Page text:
WebRTC is getting a lot of attention in recent months. There's a lot of hype. There are passionate proponents and equally impassioned naysayers. Fortunately, Tim Panton of Voxeo, one of the most knowledgeable developers in the space, is willing and…
For much of the past year I find that I’ve been struggling with putting some definition on “The Cloud.” This thought process began way back on November 5, 2010 when I hosted a VUC call that was a panel discussion intended to consider “The Cloud” in its many facets. That call featured a number of guests, each of whom had specific experience with cloud infrastructure, applications and services. Since that time I’ve been pondering what was said, and further, the evolving public perception of “The Cloud.”
So it was that while attending ITExpo earlier in the month I found myself spending much of my time there in the sessions that comprised the CloudComm Summit 4. During those sessions I had the opportunity to pose some of my questions to the assembled experts. In some cases their answers were enlightening, in other cases they seemed to be puzzled about the very nature of the questions. Even so, all of this has helped to crystallize my own personal definition of The Cloud.
One of Microsoft’s more recent marketing programs made considerable mention of “reaching for the cloud,” presumably with respect to some common end-user applications. I can’t help but feel that such public representations are less than helpful, perhaps even a little misleading.
Let me be blunt, at present I’m just on the periphery of the telecom space. I’m still a user, specifically a home office user. Not being directly involved in the telecom industry I don’t get the opportunity to take part if many of the major industry events. However, when TMC decided to hold IT Expo West 2011 in Austin, TX it proved just too good an opportunity to pass up.
Austin is essentially right in my back yard. “Just over yonder” in local terms. OK, it’s really a two-and-a-half hour drive, but that’s still close compared to its usual location in Los Angeles. When TMC offered a deeply discounted uber-early-bird registration back in February I took the plunge and bought a show pass.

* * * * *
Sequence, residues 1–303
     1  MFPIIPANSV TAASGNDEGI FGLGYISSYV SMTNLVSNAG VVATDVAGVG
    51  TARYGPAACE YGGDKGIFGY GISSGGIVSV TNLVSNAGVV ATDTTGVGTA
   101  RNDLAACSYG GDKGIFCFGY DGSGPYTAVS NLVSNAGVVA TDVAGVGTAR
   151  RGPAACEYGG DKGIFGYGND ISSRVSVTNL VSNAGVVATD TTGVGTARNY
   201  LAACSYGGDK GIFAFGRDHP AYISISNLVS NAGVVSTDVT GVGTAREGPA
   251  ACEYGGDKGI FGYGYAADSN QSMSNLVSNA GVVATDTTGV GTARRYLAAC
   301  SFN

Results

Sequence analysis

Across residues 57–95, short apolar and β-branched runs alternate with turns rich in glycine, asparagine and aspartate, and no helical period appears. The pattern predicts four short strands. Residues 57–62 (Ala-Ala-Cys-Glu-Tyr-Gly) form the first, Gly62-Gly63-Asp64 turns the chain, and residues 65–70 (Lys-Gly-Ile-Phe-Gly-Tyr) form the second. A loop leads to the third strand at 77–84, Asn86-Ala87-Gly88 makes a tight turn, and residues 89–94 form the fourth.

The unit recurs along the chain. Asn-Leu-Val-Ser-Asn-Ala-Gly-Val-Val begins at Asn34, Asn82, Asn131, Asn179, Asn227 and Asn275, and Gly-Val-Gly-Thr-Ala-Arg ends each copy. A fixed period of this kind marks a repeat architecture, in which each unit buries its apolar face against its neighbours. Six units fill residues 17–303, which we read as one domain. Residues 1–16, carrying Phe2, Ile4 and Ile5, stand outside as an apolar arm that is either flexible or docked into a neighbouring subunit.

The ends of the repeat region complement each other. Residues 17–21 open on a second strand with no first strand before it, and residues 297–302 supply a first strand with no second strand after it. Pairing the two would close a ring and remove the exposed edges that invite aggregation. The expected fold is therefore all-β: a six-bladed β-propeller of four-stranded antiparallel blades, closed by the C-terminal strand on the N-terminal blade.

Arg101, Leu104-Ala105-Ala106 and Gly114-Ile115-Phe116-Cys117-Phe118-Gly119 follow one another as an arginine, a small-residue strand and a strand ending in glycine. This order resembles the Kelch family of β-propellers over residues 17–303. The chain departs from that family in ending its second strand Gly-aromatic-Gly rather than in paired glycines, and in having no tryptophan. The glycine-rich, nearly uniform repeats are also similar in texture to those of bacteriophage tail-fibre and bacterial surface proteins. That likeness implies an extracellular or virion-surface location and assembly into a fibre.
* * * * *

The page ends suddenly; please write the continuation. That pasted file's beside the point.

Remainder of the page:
Yesterday Dan York, in his role as Director Of Conversations at Voxeo, gave a webinar* on HDVoice. Dan’s presentation included a good basic introduction to wideband telephony. He cited the well known limitations of the legacy PSTN before moving on to highlight the wideband capabilities of Voxeo’s new Prophesy and Prism product offerings.
This session was part of the companies Jam Session series that introduces new capabilities to developers. To put it simplistically, Voxeo is a tool-maker. The offerings of the tool-makers typically lead the services that we eventually see in the larger consumer space. That makes the tool-makers very important. That the tool-makers show both imagination and leadership is critically important.
Late last week I took an hour to sit through a Voxeo webinar on the impact of IP v6 on SIP communications. It was the latest in their series of Developer Jam Session presentations.
Dan York presented a nice introduction to the issues surrounding IP v6 implementation with respect to real-time communication using SIP. If you’re new to IP v6, as I am, then the recording of that session is a recommended resource.
You may have noticed the widget that I added to the sidebar about a week ago. Inspired by hearing about Voxeo’s Phono on a recent VUC call I decided that I’d like to provide a mechanism for readers to leave comments in the form of a voice message.
This seemed like it would be really easy, even though I’m not a developer. I was particularly happy to see that there is a WordPress plugin called WordPhone that makes this practical for the complete newby.